How World War I Made the Modern Middle East

Reviewing four recent histories of the Ottoman empire during World War I, Donald Yerxa argues that the Middle Eastern theater was far more than a sideshow to the conflict, and that the war was the region’s formative event—although in ways that are often misunderstood. He writes:

Rob Johnson [in The Great War and the Middle East], . . . focuses less on tactics and operations than on the strategic calculations of decision-makers struggling to secure their respective empires. He accomplishes his goal admirably. At the same time, however, he cautions us to avoid the temptation to view the conflict in the Middle East as purely a Western imperial affair. Local actors played significant roles. This is an important point, one that is especially pertinent in the face of the often-heard refrain that Westerners are the primary cause for the Middle East’s troubles down to the present. . . .

Four days [after formally joining the Central Powers on November 10, 1914], the Ottoman sultan Mehmed V declared an Islamic holy war against the Entente powers. . . . [T]he sultan held the religious office of caliph, which theoretically made him the leader of the global Muslim community. The call to jihad was something that the German Kaiser had hoped would create major problems for [Britain and France]. The British especially worried about its impact in India (one-third of the Indian Army was Muslim) and Egypt. . . . Muslims, however, remained largely unresponsive to the sultan’s appeal. . . .

[For its part], Britain courted rival claimants for power in Arabia: Sharif Hussein, head of the Hashemite dynasty and protector of the holy cities of Mecca and Medina in Hejaz on the western coast of the Arabian Peninsula, and Abdul-Aziz ibn Saud, whose family held sway in much of central Arabia (Najd). London- and Cairo-based diplomats centered their attention on Hussein and seemed to offer him Arab independence (with the exception of Basra and Baghdad) as a reward for leading a revolt against the Ottomans. But Delhi-oriented representatives based in Bahrain made similar promises to Abdul-Aziz. The contest for control over Arabia between the Hashemite and Saudi families would continue well beyond the end of the war.

In the midst of these conflicting understandings, Sharif Hussein launched the so-called Arab Revolt in June 1916, in an effort to gain British support for his claim to control all of Arabia. Despite the impression given in T. E. Lawrence’s account and the 1962 movie Lawrence of Arabia, the Arab Revolt was a relatively small-scale affair of basically uncoordinated attacks on Ottoman forces that had very little military impact. Though Hussein’s forces were able to capture a number of Arabian Red Sea ports—most notably Aqaba in July 1917—they did so against very weak Ottoman opposition and with a very substantial British subvention.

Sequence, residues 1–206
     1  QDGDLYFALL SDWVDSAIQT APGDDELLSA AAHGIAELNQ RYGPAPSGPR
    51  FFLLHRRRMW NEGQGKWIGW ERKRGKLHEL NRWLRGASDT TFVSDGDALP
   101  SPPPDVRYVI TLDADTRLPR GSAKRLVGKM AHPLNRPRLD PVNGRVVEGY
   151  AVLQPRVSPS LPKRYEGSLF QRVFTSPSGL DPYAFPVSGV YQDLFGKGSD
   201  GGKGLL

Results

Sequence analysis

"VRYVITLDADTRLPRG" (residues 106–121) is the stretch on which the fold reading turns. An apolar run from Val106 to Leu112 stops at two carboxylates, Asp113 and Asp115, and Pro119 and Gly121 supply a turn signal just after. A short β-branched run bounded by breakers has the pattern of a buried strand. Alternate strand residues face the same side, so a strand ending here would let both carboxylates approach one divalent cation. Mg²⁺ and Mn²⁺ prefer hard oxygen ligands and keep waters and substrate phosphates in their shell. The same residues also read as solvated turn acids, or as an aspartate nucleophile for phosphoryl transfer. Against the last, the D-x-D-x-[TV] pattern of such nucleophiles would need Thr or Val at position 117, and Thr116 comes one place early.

Read more at Books and Culture

More about: History & Ideas, Middle East, Ottoman Empire, Saudi Arabia, T. E. Lawrence

How to Save the Universities

To Peter Berkowitz, the rot in American institutions of higher learning exposed by Tuesday’s hearings resembles a disease that in its early stages was easy to cure but difficult to diagnose, and now is so advanced that it is easy to diagnose but difficult to cure. Recent analyses of these problems have now at last made it to the pages of the New York Times but are, he writes, “tardy by several decades,” and their suggested remedies woefully inadequate:

They fail to identify the chief problem. They ignore the principal obstacles to reform. They propose reforms that provide the equivalent of band-aids for gaping wounds and shattered limbs. And they overlook the mainstream media’s complicity in largely ignoring, downplaying, or dismissing repeated warnings extending back a quarter century and more—largely, but not exclusively, from conservatives—that our universities undermine the public interest by attacking free speech, eviscerating due process, and hollowing out and politicizing the curriculum.

The remedy, Berkowitz argues, would be turning universities into places that cultivate, encourage, and teach freedom of thought and speech. But doing so seems unlikely:

Having undermined respect for others and the art of listening by presiding over—or silently acquiescing in—the curtailment of dissenting speech for more than a generation, the current crop of administrators and professors seems ill-suited to fashion and implement free-speech training. Moreover, free speech is best learned not by didactic lectures and seminars but by practicing it in the reasoned consideration of competing ideas with those capable of challenging one’s assumptions and arguments. But where are the professors who can lead such conversations? Which faculty members remain capable of understanding their side of the argument because they understand the other side?

Read more at RealClearPolitics

More about: Academia, Anti-Semitism, Freedom of Speech, Israel on campus